Getting the willies from dad and Fr. Will | Pat Cashman

My granduncle was the oldest man I had ever seen. His name was Father William Cashman, and I guessed his age at 500 or 600 years, but that was just a guess. He may have been older.

My granduncle was the oldest man I had ever seen. His name was Father William Cashman, and I guessed his age at 500 or 600 years, but that was just a guess. He may have been older.

He was a retired Catholic priest. Being a retired priest is sort of like being a retired baseball player, except that there’s no infield fly rule.

Fr. Will lived all by himself in a huge, deserted hospital in my hometown. A big new medical facility had been built years earlier, so the former hospital was merely used for storage – and for housing its sole occupant.

My superannuated granduncle made a tortoise seem like a gazelle. He walked in short, shuffling steps and would have easily lost a foot race with a banana slug. (I know, I know, bananas and slugs don’t have feet.)

My brothers and I used to imitate Fr. Will’s inch-by inch gait – one guaranteed to create vast amounts of static electricity. The 30-foot excursion that Fr. Will made to the bathroom from his small bedroom took longer than a pony ride from Kirkland to Auburn, by way of Everett.

He was also a delightful human – kind and gentle – and a first-class storyteller. My dad visited him every chance he got, and if my brothers and I were lucky, we got to go along, too. Then, while dad and Fr. Will sat in his room having a glass or two of whiskey and telling jokes, my brothers and I would wander around the halls of the old hospital.

It was spooky enough during the day, but at night it became a place where even Stephen King would have gotten the willies. We walked warily through the darkened corridors, peering into rooms filled with old beds and medical equipment, expecting a crazed doctor to jump out at us brandishing a bloody scalpel at any moment.

Since I was the older brother, it was my unofficial job to heighten the nervousness by occasionally whispering things like “What was that?” Or, “Do you guys hear a growling noise?” And sometimes, “I’m not really your brother. I escaped from a mental hospital several years ago.”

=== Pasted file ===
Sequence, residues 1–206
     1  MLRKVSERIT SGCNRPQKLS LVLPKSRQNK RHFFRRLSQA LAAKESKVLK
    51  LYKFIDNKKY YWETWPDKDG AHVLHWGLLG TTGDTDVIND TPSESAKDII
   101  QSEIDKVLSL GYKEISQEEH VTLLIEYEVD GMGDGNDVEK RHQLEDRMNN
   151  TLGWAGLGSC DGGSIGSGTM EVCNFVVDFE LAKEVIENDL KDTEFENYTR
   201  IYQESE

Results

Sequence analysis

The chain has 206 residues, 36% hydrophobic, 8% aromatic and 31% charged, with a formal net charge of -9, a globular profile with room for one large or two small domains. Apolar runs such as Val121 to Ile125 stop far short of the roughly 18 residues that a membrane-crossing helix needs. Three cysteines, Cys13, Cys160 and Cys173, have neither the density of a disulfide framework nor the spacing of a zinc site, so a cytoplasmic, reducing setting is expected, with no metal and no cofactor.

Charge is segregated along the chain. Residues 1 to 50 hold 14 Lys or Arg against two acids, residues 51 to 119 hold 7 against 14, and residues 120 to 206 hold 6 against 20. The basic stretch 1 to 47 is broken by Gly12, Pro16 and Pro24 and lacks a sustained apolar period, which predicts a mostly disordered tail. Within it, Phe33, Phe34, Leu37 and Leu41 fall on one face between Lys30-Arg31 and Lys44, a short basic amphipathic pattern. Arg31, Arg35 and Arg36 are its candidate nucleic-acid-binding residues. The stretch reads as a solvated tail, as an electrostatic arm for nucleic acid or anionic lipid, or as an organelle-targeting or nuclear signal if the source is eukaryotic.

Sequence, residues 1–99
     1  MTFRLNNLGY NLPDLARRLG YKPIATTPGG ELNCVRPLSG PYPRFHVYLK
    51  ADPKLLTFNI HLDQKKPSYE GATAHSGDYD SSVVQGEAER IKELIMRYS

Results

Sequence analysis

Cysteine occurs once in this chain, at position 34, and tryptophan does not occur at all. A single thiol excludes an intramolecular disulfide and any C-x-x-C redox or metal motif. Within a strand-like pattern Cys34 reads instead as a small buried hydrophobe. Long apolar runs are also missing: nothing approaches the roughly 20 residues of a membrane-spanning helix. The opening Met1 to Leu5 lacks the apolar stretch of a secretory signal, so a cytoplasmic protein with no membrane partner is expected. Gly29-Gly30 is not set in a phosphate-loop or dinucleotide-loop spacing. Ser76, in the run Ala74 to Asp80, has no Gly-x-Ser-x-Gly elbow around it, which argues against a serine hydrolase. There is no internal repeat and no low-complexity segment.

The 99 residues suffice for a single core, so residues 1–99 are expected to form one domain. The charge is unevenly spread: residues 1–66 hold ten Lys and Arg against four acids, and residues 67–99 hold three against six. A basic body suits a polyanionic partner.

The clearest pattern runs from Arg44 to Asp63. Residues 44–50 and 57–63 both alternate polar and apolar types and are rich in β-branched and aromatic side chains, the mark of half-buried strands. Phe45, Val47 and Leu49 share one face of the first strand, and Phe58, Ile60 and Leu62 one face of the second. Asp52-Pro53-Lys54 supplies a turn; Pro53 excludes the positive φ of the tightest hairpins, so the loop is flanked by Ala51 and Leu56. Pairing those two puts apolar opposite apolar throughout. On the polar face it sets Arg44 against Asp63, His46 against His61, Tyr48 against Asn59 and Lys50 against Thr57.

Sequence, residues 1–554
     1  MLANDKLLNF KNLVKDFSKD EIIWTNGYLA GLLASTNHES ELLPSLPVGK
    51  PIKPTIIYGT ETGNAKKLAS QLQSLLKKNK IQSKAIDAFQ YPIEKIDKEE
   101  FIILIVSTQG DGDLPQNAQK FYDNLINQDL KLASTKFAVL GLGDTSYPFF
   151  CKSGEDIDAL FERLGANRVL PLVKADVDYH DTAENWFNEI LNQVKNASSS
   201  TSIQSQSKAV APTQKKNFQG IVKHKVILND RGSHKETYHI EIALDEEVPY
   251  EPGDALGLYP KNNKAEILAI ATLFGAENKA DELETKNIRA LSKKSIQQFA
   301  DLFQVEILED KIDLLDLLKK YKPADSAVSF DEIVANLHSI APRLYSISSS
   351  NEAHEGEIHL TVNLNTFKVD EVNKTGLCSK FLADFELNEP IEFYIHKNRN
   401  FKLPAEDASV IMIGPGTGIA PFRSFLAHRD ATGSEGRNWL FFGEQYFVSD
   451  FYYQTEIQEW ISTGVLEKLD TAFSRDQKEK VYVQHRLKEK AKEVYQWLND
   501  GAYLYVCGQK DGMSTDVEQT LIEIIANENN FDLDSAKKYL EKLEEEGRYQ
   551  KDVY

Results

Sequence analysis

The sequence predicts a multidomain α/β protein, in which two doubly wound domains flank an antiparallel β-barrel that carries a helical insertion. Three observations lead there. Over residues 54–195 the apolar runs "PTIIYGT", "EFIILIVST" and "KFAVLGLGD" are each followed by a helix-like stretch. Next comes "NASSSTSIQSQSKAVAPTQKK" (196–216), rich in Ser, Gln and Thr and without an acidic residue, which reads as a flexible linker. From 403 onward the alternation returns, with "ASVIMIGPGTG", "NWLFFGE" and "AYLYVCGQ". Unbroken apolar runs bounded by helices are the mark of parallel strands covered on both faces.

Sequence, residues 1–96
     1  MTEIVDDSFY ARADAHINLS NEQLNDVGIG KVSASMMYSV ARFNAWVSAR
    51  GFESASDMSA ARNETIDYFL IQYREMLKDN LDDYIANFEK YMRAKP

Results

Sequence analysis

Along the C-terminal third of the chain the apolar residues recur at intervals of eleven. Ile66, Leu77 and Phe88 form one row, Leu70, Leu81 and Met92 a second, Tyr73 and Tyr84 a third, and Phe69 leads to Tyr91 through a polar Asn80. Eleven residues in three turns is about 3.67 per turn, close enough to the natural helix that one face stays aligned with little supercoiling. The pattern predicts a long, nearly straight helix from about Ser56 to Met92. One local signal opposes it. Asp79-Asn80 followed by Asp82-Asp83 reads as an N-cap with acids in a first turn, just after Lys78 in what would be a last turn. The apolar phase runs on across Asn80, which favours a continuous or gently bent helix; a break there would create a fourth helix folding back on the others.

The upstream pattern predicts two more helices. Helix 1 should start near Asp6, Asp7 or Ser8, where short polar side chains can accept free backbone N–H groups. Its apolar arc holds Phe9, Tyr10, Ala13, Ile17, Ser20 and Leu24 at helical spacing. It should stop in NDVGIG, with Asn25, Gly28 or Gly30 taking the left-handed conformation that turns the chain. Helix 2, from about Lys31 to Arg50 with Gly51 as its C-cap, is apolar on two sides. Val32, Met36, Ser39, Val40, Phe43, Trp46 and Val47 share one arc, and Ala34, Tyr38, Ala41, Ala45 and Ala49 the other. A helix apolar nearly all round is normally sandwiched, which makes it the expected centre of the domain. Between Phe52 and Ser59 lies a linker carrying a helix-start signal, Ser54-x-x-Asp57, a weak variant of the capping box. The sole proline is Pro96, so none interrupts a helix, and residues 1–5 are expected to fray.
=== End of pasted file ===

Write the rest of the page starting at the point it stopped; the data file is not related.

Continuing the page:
We could be sure our dad would bring us to visit Fr. Will each and every Christmas Eve night. That’s so our mom could remain behind at home to greet Santa and help him put presents under the tree. It was the perfect cover.

I remember one Christmas Eve particularly well. I was 12 years old. On our drive over to the old hospital, dad lectured my four brothers and me very solemnly. “Boys,” he said, “I want you to be very careful tonight. There have been some strange things going on in the old hospital.” We looked at him hard to see if there was any sign that he was kidding. He looked very serious, but didn’t say another thing.

When we arrived, Fr. Will greeted us all warmly, and as we handed him a Christmas present, he underscored what dad had said. “I wouldn’t go wandering around the halls tonight if I were you,” the old priest said. Then he and dad settled in for an hour of old jokes fueled by “Old Grand Dad.”

At first, my brothers and I hovered around the hall just outside of Fr. Will’s room. But before long, we began creeping farther away. We walked up a darkened stairway to the hospital’s second floor. The old halls creaked with our every step. The rooms were dark as tar, except for the slight light of the moon sneaking in through the filmy windows. The rooms with old hospital beds in them were otherwise empty and chillingly stark.

Then we noticed one room at the far end of the long hallway that seemed to have a bit more light coming from it. We inched towards it, our knees shaking like castanets. Then, with the five of us attached so closely that we looked like Siamese quintuplets, we peered warily into the room.

The shock of what we saw was so immense that if our eyes had bulged any bigger, they would have popped right out of their sockets and fallen onto the floor. For there, in the dim light from a single bare fixture, was an operating table. On it lay a naked human cadaver!

Our five simultaneous screams could have shattered bulletproof glass, and our terrified stampede back down the corridor was much like the running of the bulls in Pamplona. Minus the horns.

But when we arrived breathlessly back at Fr. Will’s room, he and dad were howling with laughter, proud of how well the dummy they had set up had done the trick. They were a bit disappointed that in our hasty retreat, we hadn’t also noticed the big glass jar they had placed there, too – with a large cauliflower floating in water – labeled Human Brain.

Good thing I hadn’t seen that. I have always been terrified by cauliflower.

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